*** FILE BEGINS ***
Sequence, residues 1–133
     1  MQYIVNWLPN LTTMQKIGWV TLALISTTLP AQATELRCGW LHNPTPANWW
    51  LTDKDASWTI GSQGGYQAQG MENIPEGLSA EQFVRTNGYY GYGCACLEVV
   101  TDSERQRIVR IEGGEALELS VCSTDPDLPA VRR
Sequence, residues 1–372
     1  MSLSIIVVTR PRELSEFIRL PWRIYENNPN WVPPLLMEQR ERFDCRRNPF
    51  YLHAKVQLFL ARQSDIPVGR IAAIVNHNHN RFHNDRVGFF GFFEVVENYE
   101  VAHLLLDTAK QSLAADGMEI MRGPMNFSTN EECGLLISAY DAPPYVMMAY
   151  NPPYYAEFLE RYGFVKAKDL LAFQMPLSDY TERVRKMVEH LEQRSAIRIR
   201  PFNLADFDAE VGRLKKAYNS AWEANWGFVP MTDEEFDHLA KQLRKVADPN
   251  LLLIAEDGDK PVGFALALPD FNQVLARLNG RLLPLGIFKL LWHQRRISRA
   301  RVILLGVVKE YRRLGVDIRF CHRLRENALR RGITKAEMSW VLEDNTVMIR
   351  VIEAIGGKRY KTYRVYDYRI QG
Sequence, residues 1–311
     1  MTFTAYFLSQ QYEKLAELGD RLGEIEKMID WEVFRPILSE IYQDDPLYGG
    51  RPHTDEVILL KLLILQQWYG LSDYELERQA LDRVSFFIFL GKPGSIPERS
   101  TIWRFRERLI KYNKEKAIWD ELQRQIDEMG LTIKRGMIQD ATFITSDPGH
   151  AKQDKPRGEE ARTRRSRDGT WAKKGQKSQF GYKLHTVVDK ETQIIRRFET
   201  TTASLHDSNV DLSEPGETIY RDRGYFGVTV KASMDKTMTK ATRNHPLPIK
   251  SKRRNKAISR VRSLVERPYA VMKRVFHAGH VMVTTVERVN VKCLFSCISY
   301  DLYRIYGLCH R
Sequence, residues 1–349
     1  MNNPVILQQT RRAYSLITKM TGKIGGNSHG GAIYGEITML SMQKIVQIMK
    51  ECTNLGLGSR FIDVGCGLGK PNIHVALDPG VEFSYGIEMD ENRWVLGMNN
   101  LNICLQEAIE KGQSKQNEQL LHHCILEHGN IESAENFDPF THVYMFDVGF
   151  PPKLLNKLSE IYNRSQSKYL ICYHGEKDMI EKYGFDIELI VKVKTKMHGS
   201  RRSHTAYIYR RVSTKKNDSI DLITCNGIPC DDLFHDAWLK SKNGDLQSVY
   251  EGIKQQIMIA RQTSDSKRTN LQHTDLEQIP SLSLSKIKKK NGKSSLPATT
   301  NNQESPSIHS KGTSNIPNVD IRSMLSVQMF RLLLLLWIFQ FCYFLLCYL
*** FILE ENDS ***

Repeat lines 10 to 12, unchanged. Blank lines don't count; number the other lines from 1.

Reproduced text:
   201  PFNLADFDAE VGRLKKAYNS AWEANWGFVP MTDEEFDHLA KQLRKVADPN
   251  LLLIAEDGDK PVGFALALPD FNQVLARLNG RLLPLGIFKL LWHQRRISRA
   301  RVILLGVVKE YRRLGVDIRF CHRLRENALR RGITKAEMSW VLEDNTVMIR